Flat Tub Wma Addition Rich in Wildlife, Habitat and Recreation


A conservation-minded partnership has preserved 2,700 acres of wildlife habitat in southeast Georgia’s Jeff Davis County, opening to the public a place valued for its recreational opportunities and rare species.

The tract acquired last year by the Georgia Department of Natural Resources and added to Flat Tub Wildlife Management Area joins nearly 18,000 acres conserved along this stretch of the Ocmulgee River. The lineup features Horse Creek Wildlife Management Area and Broxton Rocks, described as one of Georgia’s natural wonders.

Combined with historic Hazlehurst nearby and Towns Bluff Park on the Altamaha River, the new addition to Flat Tub WMA will help draw visitors, particularly for recreation such as hunting, fishing, canoeing and hiking, according to Jeff Davis County Commission Chairman Ray Wooten.

“I’m glad we got it,” Wooten said.

While unique properties like the Flat Tub tract conserve wildlife and sensitive habitats for generations to enjoy, the sites also provide outdoor recreational opportunities that have a significant economic impact.

Outdoor activities such as hunting, fishing and wildlife watching benefited Georgia’s economy by more than $5.5 billion in 2011, the latest U.S. Fish and Wildlife Service survey shows. Compared to the previous survey in 2006, average expenditures per hunter increased $1,000, the ranks of Georgia wildlife watchers grew by more than 400,000 and the economic effect of spending in the state by anglers increased by more than $200 million.

Flat Tub WMA is about 100 miles from Savannah, 125 miles from Jacksonville and 175 from Atlanta.

Chris Baumann, DNR Game Management Section supervisor for the region, said the WMA is already popular with sportsmen. More than 700 deer and turkey hunters used the area during the 2012-13 hunting seasons.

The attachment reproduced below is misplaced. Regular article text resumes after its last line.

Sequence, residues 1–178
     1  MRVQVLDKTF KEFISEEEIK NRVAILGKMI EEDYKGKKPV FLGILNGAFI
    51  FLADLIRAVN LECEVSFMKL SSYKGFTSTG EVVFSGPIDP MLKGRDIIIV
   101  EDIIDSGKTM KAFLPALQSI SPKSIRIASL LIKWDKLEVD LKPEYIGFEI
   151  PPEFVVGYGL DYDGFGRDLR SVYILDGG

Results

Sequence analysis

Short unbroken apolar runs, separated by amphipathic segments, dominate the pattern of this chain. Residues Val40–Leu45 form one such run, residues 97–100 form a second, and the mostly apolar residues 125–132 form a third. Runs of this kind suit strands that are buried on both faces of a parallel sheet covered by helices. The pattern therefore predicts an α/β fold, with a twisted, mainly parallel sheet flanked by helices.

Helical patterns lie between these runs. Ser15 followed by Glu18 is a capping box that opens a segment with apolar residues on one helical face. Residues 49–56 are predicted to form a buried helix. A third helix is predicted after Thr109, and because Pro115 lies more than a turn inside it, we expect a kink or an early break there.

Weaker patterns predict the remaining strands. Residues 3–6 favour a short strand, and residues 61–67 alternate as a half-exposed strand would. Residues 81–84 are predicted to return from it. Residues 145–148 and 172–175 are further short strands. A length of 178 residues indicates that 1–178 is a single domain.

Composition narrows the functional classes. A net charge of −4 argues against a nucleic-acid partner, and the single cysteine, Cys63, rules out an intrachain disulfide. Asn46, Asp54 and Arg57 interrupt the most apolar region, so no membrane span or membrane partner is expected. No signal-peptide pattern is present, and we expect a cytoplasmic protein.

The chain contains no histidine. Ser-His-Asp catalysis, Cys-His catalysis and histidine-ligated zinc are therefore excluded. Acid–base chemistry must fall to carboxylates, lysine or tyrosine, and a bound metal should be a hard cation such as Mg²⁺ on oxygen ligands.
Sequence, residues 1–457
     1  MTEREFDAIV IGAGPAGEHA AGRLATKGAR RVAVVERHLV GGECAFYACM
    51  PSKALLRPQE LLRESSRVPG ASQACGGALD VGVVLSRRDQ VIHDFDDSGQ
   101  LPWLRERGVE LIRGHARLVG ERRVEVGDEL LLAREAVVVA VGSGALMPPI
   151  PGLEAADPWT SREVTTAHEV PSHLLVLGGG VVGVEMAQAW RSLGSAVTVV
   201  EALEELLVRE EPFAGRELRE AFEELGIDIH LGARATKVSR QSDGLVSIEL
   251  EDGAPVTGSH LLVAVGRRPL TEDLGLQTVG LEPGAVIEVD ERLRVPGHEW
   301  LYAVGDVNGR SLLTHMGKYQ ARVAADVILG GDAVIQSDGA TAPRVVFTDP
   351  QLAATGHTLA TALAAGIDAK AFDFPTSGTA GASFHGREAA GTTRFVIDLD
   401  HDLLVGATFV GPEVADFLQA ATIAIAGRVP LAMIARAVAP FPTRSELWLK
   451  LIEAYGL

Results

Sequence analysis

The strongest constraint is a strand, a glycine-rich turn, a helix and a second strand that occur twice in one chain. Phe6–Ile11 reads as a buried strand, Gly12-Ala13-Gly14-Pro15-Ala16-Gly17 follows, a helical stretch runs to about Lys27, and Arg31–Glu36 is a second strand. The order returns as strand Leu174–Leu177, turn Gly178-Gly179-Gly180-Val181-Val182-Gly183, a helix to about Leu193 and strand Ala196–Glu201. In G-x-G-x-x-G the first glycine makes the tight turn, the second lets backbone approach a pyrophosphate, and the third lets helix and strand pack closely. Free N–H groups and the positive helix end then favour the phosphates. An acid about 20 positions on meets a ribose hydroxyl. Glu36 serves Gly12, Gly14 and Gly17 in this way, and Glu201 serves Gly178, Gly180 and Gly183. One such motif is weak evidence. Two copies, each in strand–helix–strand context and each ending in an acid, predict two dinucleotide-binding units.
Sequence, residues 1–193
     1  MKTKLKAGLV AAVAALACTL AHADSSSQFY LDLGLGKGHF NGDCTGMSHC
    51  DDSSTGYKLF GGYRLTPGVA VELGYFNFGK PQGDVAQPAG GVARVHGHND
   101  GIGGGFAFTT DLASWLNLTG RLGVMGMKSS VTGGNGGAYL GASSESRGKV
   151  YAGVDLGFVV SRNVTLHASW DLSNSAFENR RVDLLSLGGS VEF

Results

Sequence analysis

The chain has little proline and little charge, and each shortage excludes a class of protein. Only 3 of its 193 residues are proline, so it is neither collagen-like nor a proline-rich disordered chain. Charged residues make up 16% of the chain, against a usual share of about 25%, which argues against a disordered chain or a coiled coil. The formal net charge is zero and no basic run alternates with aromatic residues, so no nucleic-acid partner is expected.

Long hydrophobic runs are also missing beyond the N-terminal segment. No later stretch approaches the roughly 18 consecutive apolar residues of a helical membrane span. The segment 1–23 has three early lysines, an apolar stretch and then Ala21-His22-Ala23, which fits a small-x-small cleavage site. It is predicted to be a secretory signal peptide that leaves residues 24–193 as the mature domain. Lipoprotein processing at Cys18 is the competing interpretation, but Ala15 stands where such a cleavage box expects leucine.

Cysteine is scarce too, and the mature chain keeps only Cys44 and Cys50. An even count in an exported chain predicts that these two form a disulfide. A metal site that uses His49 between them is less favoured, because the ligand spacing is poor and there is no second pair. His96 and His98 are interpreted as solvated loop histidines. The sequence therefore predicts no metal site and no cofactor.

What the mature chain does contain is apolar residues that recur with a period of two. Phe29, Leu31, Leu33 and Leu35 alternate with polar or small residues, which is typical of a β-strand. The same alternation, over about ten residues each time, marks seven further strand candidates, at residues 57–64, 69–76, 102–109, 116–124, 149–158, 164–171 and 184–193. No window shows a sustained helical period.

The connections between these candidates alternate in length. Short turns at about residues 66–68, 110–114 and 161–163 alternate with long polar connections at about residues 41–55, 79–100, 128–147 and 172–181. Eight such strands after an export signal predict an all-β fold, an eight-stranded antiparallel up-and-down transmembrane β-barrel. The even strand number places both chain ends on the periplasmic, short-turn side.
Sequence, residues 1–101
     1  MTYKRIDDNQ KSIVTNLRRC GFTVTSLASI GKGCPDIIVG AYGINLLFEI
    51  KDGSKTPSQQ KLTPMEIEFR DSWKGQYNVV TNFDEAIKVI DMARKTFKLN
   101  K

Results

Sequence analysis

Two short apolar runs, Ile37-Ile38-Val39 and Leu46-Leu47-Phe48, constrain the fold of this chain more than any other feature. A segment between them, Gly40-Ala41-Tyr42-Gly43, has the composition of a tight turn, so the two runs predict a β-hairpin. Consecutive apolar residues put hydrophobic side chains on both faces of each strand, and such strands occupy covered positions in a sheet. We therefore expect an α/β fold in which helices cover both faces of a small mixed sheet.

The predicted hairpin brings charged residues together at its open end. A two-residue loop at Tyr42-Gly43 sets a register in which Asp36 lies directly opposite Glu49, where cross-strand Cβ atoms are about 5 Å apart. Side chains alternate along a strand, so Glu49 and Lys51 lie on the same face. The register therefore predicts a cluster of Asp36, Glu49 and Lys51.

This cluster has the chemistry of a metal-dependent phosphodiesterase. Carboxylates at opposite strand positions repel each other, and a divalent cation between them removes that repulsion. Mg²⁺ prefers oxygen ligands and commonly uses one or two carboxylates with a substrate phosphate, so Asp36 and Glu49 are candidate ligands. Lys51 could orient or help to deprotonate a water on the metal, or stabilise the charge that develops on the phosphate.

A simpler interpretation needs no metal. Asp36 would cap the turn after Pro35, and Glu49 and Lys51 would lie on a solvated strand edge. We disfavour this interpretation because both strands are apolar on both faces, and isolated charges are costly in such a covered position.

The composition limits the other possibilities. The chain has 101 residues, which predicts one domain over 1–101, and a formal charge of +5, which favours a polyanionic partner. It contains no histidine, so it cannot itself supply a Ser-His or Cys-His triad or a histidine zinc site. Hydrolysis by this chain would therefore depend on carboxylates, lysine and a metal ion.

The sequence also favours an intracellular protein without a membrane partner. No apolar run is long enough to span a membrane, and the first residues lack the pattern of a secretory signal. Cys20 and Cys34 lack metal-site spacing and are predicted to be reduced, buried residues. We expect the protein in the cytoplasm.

“By nearly doubling the acreage of this WMA, and adding an additional 350 acres through a cooperative agreement with the Georgia Forestry Commission, sportsmen and -women should be excited at the opportunities this tract of land is bringing,” Baumann said.

Flat Tub and Broxton Rocks Forest, owned by the Georgia Forestry Commission, and 1,650-acre Broxton Rocks Preserve, owned by The Nature Conservancy, are home to more than 525 plant and animal species, 29 of them rare, including gopher tortoises, our state reptile. Botanists consider the plant community one of Georgia’s richest. On the newly acquired tract, large patches of native groundcover endemic to endangered longleaf pine forests hold promise for restoration efforts benefiting a variety of wildlife species. Boat ramps feed into the Georgia River Network’s 200-mile Ocmulgee Water Trail.

Andrew Schock, Georgia state director for The Conservation Fund, said the Jeff Davis County project not only gives the public new opportunities to access the Ocmulgee, “it also provides a space where they can experience and enjoy the variety of animal and plant species that live in this fascinating longleaf pine ecosystem.”

The DNR bought the Jeff Davis tract in two parts from The Conservation Fund in 2013. Partners also included the U.S. Fish and Wildlife Service, which provided a grant, and the Knobloch Family Foundation.

The DNR and The Conservation Fund worked in partnership for years to acquire the site. Pitcherplant bogs, diverse wildlife and prime examples of Altamaha grit – a sandstone outcrop connected to rare plant and animal communities – all contribute to the property’s uniqueness.

It’s that uniqueness that is expected to attract many different types of outdoor enthusiasts.

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